[​IMG]

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    2 – MGARR (TA’ MREJANU)

    Locked, said to be in use as an underground store

    [​IMG]

    [​IMG]


    3 – MELLIEHA

    No trace remains, underground garages are seen. Behind the garages the Pergola hotel has it’s basement indoor swimming pool here.

    [​IMG]


    4 – SAN GWANN

    Locked, allegedly a permission visit is possible by kindly pestering the local council

    [​IMG]

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    5 – XLENDI

    The only one that is on Gozo Island. Locked, restored by volunteers and open about one day a year to the public.


    6 – SIGGIEWI (Visited with @The devil child)

    The largest flour mill, the entrance tunnel forks into two and there are two underground mills here. The righthand one is sadly trashed. Lefthand mill is worthwhile. Only going to put a couple of photos up, as this one is documented in The Devil Child’s excellent report.

    [​IMG]

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    7 – XEMXIJA (Visited with The Devil Child)

    Was recently restored, and occasionally opened to the public, but we think it hasn’t been opened to the public since 2010. On our visit, whilst it was obvious that it had been restored, it was showing signs of neglect and decay again.

    [​IMG]

    [​IMG]

    We start on the middle floor of the three levels:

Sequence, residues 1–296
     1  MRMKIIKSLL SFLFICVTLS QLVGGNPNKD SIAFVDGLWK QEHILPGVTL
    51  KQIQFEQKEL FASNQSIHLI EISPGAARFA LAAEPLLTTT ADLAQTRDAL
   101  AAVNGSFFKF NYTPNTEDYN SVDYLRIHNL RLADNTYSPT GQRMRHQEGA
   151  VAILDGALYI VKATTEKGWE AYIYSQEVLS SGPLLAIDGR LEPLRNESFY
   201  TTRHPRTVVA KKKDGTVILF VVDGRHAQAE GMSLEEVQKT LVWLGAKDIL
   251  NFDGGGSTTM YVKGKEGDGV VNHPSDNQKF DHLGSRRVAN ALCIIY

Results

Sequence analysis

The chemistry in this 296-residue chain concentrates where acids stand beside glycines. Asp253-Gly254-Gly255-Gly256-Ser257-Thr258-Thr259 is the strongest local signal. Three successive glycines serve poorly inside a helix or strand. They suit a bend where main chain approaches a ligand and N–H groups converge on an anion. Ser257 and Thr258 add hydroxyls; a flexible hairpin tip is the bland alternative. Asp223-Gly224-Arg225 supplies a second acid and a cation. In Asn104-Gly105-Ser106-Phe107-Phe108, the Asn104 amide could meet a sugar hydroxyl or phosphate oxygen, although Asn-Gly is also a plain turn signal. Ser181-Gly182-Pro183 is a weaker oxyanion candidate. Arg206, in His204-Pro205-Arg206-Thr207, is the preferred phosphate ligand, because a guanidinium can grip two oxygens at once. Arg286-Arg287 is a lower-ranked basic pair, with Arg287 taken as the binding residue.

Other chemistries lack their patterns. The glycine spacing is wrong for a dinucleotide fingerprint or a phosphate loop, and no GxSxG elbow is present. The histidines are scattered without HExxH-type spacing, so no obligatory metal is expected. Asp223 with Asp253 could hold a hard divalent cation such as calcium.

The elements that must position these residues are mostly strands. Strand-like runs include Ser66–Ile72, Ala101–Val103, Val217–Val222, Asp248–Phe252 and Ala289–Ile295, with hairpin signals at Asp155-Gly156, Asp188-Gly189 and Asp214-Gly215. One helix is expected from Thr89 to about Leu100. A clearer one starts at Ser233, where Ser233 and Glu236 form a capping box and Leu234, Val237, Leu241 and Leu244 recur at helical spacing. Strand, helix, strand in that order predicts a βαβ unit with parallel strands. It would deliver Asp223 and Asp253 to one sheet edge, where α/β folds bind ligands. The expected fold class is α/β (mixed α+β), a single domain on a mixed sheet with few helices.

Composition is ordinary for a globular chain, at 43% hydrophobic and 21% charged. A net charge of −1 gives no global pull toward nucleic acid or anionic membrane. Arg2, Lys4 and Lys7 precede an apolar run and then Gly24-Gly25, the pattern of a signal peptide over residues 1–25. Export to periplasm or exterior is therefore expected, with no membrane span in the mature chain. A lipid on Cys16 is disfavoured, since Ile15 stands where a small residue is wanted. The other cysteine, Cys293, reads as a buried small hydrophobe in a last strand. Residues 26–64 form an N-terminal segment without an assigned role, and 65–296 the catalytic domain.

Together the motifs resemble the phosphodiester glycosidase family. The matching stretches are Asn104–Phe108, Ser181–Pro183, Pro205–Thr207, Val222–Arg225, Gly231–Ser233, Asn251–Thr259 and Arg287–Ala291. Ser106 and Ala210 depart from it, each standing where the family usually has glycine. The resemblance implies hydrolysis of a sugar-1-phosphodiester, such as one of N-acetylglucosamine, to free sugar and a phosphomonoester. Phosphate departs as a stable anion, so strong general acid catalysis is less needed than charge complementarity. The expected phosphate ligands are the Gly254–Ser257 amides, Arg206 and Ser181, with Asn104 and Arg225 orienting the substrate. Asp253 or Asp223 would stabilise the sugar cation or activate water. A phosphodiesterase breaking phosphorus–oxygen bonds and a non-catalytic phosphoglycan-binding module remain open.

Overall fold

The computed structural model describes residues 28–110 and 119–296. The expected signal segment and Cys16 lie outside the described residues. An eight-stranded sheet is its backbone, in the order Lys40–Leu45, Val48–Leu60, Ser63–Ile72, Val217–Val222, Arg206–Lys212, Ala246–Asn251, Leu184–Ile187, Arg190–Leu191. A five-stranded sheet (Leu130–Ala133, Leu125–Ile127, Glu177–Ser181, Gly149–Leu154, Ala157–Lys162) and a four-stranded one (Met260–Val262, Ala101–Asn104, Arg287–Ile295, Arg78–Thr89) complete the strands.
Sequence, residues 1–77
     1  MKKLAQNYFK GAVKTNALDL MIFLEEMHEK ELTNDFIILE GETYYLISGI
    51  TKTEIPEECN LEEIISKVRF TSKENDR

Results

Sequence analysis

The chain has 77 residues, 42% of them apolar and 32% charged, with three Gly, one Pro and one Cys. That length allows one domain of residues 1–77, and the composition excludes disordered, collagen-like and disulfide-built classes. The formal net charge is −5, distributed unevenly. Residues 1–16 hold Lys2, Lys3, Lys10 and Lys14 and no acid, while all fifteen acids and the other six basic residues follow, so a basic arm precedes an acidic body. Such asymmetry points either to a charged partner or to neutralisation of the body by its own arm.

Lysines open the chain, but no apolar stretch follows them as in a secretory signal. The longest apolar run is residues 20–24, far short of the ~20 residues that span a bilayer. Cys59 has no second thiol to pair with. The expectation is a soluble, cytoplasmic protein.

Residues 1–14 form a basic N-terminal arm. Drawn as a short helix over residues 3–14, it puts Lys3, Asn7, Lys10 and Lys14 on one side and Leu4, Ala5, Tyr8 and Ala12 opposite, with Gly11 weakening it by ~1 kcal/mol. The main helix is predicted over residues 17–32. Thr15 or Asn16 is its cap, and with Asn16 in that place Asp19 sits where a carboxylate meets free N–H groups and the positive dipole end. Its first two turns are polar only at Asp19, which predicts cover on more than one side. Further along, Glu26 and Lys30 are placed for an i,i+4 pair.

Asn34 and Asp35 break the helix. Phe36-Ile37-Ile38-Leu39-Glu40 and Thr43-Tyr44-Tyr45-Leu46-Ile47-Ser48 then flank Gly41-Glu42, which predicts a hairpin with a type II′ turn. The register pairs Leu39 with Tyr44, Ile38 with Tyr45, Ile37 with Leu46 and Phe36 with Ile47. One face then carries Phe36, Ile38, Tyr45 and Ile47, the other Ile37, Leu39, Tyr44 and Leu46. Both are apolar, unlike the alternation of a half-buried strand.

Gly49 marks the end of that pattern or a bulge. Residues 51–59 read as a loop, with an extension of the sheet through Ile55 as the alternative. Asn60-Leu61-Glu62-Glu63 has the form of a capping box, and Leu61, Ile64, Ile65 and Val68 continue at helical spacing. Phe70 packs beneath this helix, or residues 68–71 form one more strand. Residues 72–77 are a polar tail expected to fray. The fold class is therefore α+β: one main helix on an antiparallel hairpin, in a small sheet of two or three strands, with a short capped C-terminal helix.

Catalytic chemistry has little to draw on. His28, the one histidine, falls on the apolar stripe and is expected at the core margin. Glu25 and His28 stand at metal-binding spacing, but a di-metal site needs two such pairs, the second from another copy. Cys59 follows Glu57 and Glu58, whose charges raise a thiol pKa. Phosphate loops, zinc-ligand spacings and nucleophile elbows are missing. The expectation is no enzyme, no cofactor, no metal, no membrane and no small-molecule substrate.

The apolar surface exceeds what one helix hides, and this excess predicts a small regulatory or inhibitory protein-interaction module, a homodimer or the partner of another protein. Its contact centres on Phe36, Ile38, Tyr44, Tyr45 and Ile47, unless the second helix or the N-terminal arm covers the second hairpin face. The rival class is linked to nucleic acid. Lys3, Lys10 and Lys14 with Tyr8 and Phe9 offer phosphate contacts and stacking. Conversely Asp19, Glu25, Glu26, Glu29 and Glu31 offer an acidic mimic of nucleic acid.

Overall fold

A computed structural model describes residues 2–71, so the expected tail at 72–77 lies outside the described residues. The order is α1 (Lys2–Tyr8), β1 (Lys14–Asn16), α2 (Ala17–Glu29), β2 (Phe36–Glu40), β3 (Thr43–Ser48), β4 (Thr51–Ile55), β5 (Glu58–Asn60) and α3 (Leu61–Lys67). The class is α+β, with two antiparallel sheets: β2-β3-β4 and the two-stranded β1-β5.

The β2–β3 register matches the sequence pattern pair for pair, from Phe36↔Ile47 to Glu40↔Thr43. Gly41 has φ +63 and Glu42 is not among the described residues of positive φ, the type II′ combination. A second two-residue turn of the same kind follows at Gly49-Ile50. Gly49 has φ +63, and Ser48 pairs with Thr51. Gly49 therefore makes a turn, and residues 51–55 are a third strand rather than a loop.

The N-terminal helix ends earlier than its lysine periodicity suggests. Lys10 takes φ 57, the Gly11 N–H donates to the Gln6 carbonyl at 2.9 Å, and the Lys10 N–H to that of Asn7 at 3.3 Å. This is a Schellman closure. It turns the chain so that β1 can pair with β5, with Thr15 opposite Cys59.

[​IMG]

    [​IMG]

    Then the lowest floor:
    [​IMG]

    And finally the upper floor:
    [​IMG]

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    At the back, a tunnel leads to the 1000 ton capacity underground wheat silo, note the use of the Archimedes Screw machine to bring wheat to the mill from the silo
    [​IMG]

    [​IMG]

    [​IMG]

    Detail of the Peter-Fielding diesel generator
    [​IMG]

    Milling machinery was built by Thomas Robinson of Rochdale
    [​IMG]

    Very old fire extinguisher
    [​IMG]



    Thanks for reading and remember there’s a third mill for the taking if anyone is willing to abseil down that shaft.
     
    #1 Bertie Bollockbrains, Nov 17, 2015
    Last edited: Nov 17, 2015
    urblex, Palisade, Coolboyslim and 5 others like this.

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  2. Bugsuperstar

    Bugsuperstar Irresponsible & Reckless
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    Looks good mate.
     
  3. obscurity

    obscurity Flaxenation of the G!!!
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    nice one. Good effort :thumb
     
  4. Will Knot

    Will Knot 28DL Regular User
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    Like it fella.... might be going to Malta soon!!! ;)
     
  5. pauln

    pauln too old to be reckless
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    Great research to come up with this. I'd focussed on military on my visits to Malta. Would never have thought about underground flour mills.